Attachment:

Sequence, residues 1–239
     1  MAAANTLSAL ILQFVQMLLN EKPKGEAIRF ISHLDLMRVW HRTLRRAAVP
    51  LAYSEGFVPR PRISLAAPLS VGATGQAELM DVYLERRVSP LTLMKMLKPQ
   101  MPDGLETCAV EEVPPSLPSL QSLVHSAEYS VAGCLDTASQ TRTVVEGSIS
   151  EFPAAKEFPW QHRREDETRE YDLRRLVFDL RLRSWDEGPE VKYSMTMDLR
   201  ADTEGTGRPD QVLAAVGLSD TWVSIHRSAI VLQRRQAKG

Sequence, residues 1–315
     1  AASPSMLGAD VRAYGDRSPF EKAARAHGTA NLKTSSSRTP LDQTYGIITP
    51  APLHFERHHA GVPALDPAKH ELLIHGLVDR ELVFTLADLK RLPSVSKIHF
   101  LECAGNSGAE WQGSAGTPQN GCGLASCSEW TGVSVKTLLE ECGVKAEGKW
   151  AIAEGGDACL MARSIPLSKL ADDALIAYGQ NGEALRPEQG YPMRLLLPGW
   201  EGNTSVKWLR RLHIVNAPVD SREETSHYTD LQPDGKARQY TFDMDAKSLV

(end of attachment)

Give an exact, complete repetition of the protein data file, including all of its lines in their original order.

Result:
Sequence, residues 1–239
     1  MAAANTLSAL ILQFVQMLLN EKPKGEAIRF ISHLDLMRVW HRTLRRAAVP
    51  LAYSEGFVPR PRISLAAPLS VGATGQAELM DVYLERRVSP LTLMKMLKPQ
   101  MPDGLETCAV EEVPPSLPSL QSLVHSAEYS VAGCLDTASQ TRTVVEGSIS
   151  EFPAAKEFPW QHRREDETRE YDLRRLVFDL RLRSWDEGPE VKYSMTMDLR
   201  ADTEGTGRPD QVLAAVGLSD TWVSIHRSAI VLQRRQAKG

Sequence, residues 1–315
     1  AASPSMLGAD VRAYGDRSPF EKAARAHGTA NLKTSSSRTP LDQTYGIITP
    51  APLHFERHHA GVPALDPAKH ELLIHGLVDR ELVFTLADLK RLPSVSKIHF
   101  LECAGNSGAE WQGSAGTPQN GCGLASCSEW TGVSVKTLLE ECGVKAEGKW
   151  AIAEGGDACL MARSIPLSKL ADDALIAYGQ NGEALRPEQG YPMRLLLPGW
   201  EGNTSVKWLR RLHIVNAPVD SREETSHYTD LQPDGKARQY TFDMDAKSLV